The effects of board structure on corporate performance: Evidence from East African frontier markets

Yilmaz Guney, Ahmet Karpuz, Gabriel Komba

Research output: Contribution to journalArticlepeer-review

22 Citations (Scopus)


The effectiveness of the well-known corporate governance practices may not be universal due to fundamental differences in the environments under which firms operate. By using hand-collected data from all the non-financial firms listed on the unexplored East African frontier markets (i.e., Kenya, Tanzania and Uganda), we examine the effect of board characteristics on the performance of firms. Our results show that board size has a negative and significant effect on firm performance. The presences of foreigners and civil servants on the board play positive roles on financial performance, where the agency and resource dependence theories apply. Further, we find that board members with higher education also contribute to firm performance. These findings still hold when we consider the 2008–2009 financial crisis period. Overall, we show that in a business climate where ownership is largely dominated by few shareholders, the conventional governance mechanisms do not work effectively.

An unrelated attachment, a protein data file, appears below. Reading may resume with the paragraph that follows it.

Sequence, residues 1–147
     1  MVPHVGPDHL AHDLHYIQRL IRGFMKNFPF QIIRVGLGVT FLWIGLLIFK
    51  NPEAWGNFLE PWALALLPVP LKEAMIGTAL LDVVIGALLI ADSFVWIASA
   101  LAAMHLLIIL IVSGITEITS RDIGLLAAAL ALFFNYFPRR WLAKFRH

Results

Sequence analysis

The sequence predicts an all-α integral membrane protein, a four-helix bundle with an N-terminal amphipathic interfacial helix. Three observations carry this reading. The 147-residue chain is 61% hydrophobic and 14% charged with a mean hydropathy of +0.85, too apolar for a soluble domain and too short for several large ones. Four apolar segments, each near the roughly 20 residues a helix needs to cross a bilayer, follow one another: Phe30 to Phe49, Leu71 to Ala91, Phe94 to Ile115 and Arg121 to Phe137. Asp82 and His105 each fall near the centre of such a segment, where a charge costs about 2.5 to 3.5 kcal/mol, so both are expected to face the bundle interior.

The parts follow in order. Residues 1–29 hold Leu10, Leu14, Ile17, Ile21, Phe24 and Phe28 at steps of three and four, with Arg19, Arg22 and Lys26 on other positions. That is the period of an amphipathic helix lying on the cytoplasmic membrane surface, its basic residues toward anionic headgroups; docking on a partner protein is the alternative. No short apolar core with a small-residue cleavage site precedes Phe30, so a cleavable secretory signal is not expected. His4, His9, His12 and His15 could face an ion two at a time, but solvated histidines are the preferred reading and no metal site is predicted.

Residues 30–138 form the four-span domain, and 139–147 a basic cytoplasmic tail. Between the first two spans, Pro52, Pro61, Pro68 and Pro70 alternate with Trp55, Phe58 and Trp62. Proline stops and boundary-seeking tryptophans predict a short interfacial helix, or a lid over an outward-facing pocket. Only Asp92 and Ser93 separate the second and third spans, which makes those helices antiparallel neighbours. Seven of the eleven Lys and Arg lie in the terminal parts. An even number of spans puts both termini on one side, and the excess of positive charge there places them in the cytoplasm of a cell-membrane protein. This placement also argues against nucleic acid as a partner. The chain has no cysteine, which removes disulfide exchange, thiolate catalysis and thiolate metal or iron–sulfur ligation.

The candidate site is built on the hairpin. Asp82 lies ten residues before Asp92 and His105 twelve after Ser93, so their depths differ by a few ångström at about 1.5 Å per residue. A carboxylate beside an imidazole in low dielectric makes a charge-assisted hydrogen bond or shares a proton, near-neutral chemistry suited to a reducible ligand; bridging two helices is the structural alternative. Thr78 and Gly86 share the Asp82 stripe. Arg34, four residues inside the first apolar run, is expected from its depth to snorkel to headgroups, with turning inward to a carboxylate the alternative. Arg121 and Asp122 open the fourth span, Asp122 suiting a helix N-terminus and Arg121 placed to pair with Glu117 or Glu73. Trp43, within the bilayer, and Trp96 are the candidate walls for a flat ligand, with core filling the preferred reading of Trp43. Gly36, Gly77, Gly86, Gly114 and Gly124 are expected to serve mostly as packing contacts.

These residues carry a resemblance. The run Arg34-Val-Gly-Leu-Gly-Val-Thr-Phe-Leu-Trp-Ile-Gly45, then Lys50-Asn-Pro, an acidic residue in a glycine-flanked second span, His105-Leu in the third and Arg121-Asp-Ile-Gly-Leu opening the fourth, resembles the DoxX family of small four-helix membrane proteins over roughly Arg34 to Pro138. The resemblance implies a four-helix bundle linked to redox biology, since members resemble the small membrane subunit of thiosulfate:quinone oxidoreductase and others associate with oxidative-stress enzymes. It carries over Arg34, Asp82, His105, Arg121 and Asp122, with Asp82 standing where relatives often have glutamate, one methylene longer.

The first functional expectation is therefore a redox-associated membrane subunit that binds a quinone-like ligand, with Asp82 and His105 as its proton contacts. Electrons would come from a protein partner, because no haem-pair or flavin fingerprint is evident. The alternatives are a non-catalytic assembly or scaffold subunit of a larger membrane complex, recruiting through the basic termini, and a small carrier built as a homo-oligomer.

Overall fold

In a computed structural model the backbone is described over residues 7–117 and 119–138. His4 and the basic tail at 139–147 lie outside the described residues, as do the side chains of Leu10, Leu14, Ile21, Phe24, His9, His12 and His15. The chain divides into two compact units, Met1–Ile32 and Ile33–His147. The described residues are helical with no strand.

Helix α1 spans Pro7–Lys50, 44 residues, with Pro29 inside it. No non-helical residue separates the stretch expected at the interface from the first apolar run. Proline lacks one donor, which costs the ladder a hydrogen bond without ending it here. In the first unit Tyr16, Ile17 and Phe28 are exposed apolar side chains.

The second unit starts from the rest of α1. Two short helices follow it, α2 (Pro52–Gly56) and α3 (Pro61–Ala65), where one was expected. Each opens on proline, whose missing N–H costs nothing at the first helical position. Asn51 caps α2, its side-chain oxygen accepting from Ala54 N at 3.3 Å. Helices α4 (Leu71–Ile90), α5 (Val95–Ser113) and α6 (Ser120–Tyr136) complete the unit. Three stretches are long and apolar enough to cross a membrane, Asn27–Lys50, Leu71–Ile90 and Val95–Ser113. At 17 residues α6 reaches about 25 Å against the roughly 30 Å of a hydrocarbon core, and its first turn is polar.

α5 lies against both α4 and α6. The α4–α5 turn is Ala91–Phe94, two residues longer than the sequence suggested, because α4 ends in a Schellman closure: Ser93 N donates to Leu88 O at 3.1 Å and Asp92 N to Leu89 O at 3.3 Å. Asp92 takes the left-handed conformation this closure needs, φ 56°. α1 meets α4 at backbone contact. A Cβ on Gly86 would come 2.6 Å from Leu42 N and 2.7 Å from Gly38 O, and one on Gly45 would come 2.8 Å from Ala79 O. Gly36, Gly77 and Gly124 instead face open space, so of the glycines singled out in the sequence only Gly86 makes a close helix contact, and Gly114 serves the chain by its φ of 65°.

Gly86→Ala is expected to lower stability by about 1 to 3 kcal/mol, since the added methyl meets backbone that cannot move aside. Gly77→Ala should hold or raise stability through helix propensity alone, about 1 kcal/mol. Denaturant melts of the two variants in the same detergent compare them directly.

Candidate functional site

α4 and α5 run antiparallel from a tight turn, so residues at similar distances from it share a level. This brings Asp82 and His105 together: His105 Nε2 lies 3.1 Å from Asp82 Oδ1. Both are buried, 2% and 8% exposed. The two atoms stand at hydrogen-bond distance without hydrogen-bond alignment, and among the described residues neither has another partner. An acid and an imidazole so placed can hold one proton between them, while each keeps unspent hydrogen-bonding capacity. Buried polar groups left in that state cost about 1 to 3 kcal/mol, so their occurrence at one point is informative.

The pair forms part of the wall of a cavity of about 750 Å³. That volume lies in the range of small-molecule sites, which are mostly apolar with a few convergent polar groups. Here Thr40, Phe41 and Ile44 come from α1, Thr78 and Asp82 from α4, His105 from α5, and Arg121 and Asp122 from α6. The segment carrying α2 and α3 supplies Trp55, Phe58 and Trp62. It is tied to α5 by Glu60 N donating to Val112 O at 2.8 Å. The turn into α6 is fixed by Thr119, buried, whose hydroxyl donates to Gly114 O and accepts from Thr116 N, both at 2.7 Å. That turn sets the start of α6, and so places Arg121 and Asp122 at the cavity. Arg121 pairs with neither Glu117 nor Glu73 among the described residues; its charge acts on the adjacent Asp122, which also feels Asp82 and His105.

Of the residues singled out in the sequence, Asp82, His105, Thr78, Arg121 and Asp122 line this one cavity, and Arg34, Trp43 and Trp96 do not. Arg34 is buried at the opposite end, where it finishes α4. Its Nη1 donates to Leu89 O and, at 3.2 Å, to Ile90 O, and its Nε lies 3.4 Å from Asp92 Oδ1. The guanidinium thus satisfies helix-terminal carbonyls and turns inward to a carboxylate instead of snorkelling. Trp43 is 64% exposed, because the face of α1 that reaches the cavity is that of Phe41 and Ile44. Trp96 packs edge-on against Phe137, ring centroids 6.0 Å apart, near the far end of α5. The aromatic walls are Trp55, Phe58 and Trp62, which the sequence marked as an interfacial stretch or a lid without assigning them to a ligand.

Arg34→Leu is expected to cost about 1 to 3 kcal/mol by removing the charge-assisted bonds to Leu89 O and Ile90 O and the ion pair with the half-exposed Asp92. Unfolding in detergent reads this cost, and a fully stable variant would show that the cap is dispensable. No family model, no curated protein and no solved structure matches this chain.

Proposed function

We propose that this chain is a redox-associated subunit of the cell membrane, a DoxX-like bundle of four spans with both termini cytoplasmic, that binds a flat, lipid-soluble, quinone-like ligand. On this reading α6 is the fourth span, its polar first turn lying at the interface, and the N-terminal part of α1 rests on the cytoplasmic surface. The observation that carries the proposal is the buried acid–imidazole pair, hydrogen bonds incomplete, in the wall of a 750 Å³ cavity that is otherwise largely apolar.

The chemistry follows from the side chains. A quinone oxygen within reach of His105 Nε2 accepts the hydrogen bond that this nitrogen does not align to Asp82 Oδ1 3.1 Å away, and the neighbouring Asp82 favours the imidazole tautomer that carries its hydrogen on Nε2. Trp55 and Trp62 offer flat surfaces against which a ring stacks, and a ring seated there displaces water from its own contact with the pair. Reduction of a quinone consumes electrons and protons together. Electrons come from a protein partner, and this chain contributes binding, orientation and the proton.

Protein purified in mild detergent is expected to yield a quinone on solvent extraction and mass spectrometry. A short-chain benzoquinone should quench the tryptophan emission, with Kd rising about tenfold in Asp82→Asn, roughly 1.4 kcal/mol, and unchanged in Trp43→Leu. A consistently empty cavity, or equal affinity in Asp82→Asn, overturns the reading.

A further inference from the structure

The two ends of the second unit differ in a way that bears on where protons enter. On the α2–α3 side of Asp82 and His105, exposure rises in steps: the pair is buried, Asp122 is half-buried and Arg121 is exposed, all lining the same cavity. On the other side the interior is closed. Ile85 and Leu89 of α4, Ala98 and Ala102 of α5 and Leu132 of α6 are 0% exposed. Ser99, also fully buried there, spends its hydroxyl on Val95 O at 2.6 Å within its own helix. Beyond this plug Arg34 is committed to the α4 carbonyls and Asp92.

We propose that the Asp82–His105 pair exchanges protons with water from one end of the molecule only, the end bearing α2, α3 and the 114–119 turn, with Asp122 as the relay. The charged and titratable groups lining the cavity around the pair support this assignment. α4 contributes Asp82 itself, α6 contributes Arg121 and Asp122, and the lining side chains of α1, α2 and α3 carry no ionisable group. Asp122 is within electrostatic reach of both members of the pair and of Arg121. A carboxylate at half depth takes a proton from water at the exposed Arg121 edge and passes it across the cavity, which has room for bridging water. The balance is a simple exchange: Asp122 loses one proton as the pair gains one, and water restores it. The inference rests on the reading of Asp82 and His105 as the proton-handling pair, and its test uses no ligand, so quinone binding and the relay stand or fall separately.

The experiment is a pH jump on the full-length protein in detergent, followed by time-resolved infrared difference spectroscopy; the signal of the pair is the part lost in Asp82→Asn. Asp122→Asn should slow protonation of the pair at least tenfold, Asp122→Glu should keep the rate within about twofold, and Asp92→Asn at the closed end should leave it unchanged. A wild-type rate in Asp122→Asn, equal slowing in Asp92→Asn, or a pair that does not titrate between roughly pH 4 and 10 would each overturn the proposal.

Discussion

Original languageEnglish
Article number101222
JournalResearch in International Business and Finance
Early online date30 Apr 2020
Publication statusPublished - 1 Oct 2020
Externally publishedYes

Bibliographical note

Publisher Copyright:
© 2020 Elsevier B.V.

Copyright 2020 Elsevier B.V., All rights reserved.


  • Agency theory
  • Board attributes
  • Corporate governance
  • Frontier markets
  • Resource dependence theory

ASJC Scopus subject areas

  • Business, Management and Accounting (miscellaneous)
  • Finance


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